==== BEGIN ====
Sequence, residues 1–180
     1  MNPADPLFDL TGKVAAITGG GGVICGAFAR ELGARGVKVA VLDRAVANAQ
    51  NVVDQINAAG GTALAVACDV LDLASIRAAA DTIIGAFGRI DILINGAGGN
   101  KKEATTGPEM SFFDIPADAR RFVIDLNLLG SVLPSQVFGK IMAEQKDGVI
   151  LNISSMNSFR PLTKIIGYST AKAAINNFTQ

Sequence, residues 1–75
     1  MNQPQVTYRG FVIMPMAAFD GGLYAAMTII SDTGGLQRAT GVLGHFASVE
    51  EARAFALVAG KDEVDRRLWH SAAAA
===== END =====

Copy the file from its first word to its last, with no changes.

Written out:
Sequence, residues 1–180
     1  MNPADPLFDL TGKVAAITGG GGVICGAFAR ELGARGVKVA VLDRAVANAQ
    51  NVVDQINAAG GTALAVACDV LDLASIRAAA DTIIGAFGRI DILINGAGGN
   101  KKEATTGPEM SFFDIPADAR RFVIDLNLLG SVLPSQVFGK IMAEQKDGVI
   151  LNISSMNSFR PLTKIIGYST AKAAINNFTQ

Sequence, residues 1–75
     1  MNQPQVTYRG FVIMPMAAFD GGLYAAMTII SDTGGLQRAT GVLGHFASVE
    51  EARAFALVAG KDEVDRRLWH SAAAA